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Thymosin α1: a novel therapeutic option for patients with refractory chronic purulent rhinosinusitis
© Dalm et al; licensee BioMed Central Ltd. 2013
Published: 16 July 2013
Chronic purulent rhinosinusitis (CPR) is an inflammatory disorder of the nose and paranasal sinuses of unknown cause. Despite various available medical and surgical treatment options still 5 to 10% of patients remain refractory. Immune deficiency is one of the underlying risk factors for CPR and previous studies demonstrated defects in monocyte chemotaxis. Subsequent treatment with the thymic hormone preparation thymostimulin led to in vitro restoration of monocyte chemotaxis and significant clinical improvement in patients. However, thymostimulin became unavailable in recent years. In the present study we evaluated the effects of the thymic peptide thymosin α1 on monocytes from CPR patients as well as aberrant gene expression profiles in these monocytes in order to further elucidate the pathogenesis of CPR.
Monocytes were isolated from 16 patients with CPR and 13 healthy volunteers. Monocyte polarization was assessed using the Cianciolo and Snyderman monocyte polarization assay and the effects of thymosin α1 on monocyte polarization were evaluated. Furthermore, by Affymetrix whole-genome gene expression profiling and Q-PCR analysis we analyzed aberrant gene expression profiles in monocytes from CPR patients.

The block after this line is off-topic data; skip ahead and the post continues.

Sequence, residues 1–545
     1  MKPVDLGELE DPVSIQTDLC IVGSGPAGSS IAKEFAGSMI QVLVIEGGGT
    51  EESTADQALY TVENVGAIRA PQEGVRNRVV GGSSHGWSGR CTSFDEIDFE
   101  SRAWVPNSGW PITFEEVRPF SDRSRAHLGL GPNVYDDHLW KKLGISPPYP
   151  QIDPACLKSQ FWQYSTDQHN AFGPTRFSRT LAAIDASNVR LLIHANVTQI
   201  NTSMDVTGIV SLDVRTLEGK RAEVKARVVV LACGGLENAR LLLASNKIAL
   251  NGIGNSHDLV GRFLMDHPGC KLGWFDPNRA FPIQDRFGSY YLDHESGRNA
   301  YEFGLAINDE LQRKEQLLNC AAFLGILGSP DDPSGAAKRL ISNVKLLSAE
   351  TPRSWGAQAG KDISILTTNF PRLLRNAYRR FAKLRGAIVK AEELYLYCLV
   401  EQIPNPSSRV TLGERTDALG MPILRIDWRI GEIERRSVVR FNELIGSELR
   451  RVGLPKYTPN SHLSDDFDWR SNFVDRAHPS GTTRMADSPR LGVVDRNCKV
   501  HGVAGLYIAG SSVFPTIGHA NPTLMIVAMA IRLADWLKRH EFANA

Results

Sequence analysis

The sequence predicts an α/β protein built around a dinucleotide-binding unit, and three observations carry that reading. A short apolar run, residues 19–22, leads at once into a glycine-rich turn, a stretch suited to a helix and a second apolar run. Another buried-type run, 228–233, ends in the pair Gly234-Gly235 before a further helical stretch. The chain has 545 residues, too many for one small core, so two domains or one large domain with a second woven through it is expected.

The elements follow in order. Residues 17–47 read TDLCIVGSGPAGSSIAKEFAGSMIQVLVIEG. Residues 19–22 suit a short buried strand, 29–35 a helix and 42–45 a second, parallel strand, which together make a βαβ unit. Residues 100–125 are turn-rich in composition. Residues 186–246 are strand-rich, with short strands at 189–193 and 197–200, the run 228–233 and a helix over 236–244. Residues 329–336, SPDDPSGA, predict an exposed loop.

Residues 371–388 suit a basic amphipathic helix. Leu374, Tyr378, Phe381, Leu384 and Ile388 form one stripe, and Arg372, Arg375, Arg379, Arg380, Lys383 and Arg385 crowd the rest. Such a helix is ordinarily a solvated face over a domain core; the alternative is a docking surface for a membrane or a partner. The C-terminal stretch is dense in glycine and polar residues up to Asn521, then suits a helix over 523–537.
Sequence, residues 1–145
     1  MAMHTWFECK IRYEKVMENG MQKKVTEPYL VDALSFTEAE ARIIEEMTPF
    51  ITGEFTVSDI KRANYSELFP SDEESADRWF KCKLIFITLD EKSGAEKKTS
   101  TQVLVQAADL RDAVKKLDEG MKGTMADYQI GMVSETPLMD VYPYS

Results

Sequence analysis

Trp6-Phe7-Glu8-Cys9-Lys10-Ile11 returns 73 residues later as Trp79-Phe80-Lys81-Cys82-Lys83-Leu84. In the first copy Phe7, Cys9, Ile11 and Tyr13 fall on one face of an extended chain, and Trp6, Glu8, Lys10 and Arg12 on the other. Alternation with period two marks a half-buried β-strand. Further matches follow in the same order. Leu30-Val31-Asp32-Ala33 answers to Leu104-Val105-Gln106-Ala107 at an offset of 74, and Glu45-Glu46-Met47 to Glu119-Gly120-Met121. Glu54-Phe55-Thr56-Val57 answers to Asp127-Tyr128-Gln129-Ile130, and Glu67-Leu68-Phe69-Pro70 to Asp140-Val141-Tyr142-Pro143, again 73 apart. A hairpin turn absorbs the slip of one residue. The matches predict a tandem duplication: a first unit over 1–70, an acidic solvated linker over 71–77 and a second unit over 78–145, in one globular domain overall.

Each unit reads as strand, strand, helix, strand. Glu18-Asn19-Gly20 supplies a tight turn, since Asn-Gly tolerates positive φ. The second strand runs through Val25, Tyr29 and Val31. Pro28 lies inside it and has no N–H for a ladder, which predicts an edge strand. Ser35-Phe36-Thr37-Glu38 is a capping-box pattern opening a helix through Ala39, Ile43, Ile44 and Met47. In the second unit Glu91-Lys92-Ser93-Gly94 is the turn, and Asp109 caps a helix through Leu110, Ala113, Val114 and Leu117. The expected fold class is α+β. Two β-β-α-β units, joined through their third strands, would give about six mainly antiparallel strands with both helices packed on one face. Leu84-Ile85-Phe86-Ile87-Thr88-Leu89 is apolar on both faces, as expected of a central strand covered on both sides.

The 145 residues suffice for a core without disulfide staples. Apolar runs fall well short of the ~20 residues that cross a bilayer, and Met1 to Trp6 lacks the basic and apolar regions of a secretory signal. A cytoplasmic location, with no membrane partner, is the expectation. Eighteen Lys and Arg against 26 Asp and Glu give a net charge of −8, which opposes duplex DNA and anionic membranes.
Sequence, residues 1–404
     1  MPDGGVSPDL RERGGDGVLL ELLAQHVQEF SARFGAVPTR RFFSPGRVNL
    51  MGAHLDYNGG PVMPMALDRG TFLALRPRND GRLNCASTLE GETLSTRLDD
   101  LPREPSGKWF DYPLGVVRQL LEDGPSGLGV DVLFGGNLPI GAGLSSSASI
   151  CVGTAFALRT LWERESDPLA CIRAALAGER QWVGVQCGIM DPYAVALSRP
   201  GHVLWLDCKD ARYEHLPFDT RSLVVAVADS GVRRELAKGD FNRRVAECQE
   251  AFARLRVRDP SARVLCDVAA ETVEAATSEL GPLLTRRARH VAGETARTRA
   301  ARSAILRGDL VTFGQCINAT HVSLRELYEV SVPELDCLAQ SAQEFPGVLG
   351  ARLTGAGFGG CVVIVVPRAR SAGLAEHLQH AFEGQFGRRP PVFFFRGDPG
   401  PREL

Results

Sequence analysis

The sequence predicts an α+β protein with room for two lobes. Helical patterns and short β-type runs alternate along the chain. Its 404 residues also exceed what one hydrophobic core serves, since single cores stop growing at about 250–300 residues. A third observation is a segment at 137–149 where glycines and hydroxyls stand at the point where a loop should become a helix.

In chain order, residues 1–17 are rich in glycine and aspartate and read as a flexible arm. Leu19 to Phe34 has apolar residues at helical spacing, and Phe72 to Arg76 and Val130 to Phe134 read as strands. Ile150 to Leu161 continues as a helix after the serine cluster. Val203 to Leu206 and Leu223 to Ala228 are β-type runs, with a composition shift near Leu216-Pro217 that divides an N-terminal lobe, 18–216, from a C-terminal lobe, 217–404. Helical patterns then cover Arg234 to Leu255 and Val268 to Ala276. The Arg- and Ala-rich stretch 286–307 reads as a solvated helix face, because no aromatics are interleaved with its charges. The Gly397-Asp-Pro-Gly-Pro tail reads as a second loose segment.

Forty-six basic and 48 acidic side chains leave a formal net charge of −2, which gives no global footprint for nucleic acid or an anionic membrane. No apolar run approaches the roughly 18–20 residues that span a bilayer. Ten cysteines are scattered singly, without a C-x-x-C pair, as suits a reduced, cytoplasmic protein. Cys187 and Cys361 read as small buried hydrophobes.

In 4 out of 16 CPR patients we found diminished monocyte polarization (45%, sd 8%) when compared to healthy volunteers (58%, sd 12,5%)(p=0.078). More interestingly, in vitro treatment with thymosin α1 significantly restored monocyte polarization in these patients (64% sd 10%,p=0.029). In the "poor polarizing" monocytes we found aberrant expression of genes involved in pathways of inflammation, chemotaxis and cell migration.
Patients with CPR show diminished monocyte polarization in vitro that could be restored by thymosin α1. Moreover, these monocytes show an aberrant gene expression profile. We hypothesize that thymosin α1 may be a promising agent in treatment of refractory CPR patients. These effects may be mediated through interference with pathways involving the aberrantly expressed genes.
This article is published under license to BioMed Central Ltd. This is an Open Access article distributed under the terms of the Creative Commons Attribution License (http://creativecommons.org/licenses/by/2.0), which permits unrestricted use, distribution, and reproduction in any medium, provided the original work is properly cited.